When leading your business, you want every aspect to run correctly and efficiently. You want to oversee every detail to ensure it meets your exact specifications. When you do this, it’s very easy to get caught up working in your business, not on your business. I want to discuss with you the very subtle, but extremely crucial, difference between these two things – and how one is holding you back, while the other can help you grow bigger than you ever expected.
The Subtle Differences
When you find yourself working in your business, you’ll be doing tasks that people you hired and supervise should be doing. By controlling day-to-day operational things, you’re not only allocating your time in the wrong way, but you’re also stifling your team’s growth. When you do this, you lose sight of the big picture of your business. You need to be focusing on your company by working on the strategy and scope of the business. This includes a host of bigger considerations, including:
- hiring A-players
- getting rid of C-players
- ensuring people are aligned with the company’s goals
- constantly inspecting what you expect – and realigning your expectations when needed
- looking for missing systems
- helping to mentor and grow your direct reports, and
- ensuring you have systems to grow the people below them as well.
You must delegate to ensure the everyday needs of the business meet your standards so you can focus on the business as a whole. Nobody else in your company is capable of lending that perspective, and you’re handcuffing your own company’s growth if you don’t contribute it yourself. You can’t let yourself major in the minors.
How to Separate from the Front Line
A separation from the front line can prove difficult for you and for your reports. You need to remember: if your employees resent your separation from the front line, then they are clearly the wrong people and they should be replaced if they can’t get behind you. As you learn what your role as a leader is, your employees must know your role as well. They must understand that leaders exist to lead and to support them in their roles. Leaders cannot get wrapped up in doing the jobs of employees, and your employees must understand this in order to give their best performances and help the company succeed. Show team members that while they are working in the business, you are working on the business, improving it to benefit everyone – including them.
The Advantages of Long-Term Strategic Planning
When you concentrate on long-term strategic planning, you gain several benefits. First off, you gain a 360-degree view of your business. Several other benefits include being able to skip unnecessary meetings with teams; doing deep dives to look for missing systems, overlooked waste and opportunities; climbing up the tallest tree to see which forest you should really be cutting down; recruiting more A-players; mentoring and growing the people on your teams, and continually supporting your teams to ensure they have the resources they need to perform at their optimum level.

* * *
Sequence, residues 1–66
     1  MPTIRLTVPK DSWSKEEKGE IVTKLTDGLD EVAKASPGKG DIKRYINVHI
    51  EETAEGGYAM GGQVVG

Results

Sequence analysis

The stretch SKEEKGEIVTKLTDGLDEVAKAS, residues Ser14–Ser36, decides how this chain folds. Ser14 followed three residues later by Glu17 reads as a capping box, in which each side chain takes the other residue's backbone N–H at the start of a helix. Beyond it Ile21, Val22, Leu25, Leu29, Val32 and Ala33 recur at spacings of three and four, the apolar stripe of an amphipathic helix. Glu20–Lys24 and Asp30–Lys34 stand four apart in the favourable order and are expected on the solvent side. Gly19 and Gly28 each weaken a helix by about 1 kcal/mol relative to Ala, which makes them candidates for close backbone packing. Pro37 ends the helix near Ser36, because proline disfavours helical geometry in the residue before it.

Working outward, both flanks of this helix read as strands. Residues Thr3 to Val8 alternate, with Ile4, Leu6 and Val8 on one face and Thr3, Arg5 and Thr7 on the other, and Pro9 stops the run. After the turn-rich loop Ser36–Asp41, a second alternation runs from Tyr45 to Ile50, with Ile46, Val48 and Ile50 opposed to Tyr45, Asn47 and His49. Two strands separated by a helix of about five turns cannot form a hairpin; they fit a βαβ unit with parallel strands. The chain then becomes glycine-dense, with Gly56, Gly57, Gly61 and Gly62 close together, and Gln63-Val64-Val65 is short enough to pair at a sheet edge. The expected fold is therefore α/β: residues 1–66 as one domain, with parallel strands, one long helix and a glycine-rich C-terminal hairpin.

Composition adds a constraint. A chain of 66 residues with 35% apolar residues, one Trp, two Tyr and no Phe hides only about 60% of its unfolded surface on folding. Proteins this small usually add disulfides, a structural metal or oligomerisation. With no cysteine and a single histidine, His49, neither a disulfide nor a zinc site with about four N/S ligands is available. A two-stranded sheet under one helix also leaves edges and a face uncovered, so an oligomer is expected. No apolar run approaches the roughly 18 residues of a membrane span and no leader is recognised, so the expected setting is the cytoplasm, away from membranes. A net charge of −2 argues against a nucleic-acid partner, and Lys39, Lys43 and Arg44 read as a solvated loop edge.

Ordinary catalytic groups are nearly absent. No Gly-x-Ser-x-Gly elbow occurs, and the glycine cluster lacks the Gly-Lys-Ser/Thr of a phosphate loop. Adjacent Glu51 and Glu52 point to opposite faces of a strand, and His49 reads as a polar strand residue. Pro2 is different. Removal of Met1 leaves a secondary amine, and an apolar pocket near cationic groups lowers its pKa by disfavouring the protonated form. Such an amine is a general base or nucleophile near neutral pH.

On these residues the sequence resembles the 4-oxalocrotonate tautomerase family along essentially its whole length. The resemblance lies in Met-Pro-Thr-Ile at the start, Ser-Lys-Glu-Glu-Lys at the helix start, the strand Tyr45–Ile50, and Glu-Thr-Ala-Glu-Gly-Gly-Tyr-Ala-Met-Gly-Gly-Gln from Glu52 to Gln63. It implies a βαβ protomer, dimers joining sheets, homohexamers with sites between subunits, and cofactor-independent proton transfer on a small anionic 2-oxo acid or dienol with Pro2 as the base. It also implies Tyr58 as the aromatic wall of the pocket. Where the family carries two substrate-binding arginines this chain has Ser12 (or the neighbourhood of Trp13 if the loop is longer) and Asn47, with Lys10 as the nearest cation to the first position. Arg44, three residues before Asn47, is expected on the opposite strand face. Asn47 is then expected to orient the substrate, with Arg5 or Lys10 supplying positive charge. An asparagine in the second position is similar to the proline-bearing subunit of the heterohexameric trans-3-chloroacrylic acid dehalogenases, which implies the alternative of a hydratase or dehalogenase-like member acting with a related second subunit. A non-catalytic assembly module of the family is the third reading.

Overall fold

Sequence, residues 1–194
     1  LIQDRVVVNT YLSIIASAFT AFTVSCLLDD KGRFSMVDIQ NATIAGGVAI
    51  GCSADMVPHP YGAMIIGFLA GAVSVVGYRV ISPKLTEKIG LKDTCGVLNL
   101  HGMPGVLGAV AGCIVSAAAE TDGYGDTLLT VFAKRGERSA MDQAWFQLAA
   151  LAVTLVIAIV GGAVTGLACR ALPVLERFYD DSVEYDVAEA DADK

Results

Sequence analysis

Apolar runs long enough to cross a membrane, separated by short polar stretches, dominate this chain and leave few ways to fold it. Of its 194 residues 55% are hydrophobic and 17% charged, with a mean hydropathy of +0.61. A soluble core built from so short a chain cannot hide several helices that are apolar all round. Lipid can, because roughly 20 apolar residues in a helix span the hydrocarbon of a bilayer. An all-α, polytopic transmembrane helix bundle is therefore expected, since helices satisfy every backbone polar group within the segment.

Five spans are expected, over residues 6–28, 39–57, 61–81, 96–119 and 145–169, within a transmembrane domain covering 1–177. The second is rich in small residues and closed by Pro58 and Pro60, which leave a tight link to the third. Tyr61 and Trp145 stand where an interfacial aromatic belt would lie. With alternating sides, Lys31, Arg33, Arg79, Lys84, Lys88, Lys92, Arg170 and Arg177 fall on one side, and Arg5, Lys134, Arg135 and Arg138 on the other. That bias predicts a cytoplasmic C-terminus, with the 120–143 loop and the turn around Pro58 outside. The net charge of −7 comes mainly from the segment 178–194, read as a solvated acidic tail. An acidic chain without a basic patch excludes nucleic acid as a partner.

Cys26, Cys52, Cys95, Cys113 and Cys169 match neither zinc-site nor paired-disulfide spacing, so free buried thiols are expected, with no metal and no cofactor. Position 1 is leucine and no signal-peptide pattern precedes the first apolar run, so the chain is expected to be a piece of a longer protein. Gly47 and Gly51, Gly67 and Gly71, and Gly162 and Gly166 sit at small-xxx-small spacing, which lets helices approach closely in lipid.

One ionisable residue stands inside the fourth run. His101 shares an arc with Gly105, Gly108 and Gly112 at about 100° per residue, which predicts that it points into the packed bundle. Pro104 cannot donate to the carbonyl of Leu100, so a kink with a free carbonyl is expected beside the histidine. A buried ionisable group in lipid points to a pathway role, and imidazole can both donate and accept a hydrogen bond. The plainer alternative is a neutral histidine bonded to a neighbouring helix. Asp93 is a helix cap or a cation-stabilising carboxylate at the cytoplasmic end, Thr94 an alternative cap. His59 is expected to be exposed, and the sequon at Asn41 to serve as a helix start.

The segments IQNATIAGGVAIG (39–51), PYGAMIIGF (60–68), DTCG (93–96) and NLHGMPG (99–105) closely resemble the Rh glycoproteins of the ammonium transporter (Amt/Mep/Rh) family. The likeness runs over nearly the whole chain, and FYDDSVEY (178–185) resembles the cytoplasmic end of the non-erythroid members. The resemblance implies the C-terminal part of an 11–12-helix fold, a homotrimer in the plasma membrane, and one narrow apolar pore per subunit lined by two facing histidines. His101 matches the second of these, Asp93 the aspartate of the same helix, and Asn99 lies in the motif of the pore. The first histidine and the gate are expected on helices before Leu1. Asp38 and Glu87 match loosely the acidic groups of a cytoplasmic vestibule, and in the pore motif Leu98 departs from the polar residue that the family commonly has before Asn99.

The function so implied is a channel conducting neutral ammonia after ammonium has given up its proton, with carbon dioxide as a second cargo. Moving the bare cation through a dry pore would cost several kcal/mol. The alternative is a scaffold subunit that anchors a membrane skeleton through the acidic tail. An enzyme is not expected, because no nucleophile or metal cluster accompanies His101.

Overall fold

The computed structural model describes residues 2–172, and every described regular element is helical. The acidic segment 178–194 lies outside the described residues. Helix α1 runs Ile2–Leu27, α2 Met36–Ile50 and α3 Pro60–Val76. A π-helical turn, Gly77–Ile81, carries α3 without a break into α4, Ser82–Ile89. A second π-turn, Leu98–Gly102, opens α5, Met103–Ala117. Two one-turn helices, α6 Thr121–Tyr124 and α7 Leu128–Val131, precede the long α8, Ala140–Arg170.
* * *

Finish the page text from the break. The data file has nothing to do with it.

Besides these benefits, of course, participating in long-term strategic planning ensures that your business doesn’t stagnate. Increasing the size of your business will actually make you more efficient and free up more of your time – and your team’s. This is a win-win, and it’s one you can take advantage of by learning more about managing growth in books like Double Double (http://www.doubledoublethebook.com/).
Key Things You Can’t Forget
The final key reason you must work on your business and not in your business is to ensure that you don’t forget to systematize, outsource and delegate in order to grow the skills of those around you or, more importantly, to guarantee you don’t miss the big picture! When these things are missed or forgotten completely, you can get hit with urgent emergencies you didn’t see coming, and you can count on your stress level to increase. This, in turn, can cause you to make reactionary decisions and lose the employees and fellow leaders you have worked so hard to earn buy-in from.
As the leader of your business, you have to run your business, not be run by your business. You must give up your need to control and delegate the day-to-day activities so you can keep the business moving forward and growing. Work on your business, and let those you liked and trusted enough to hire work in your business.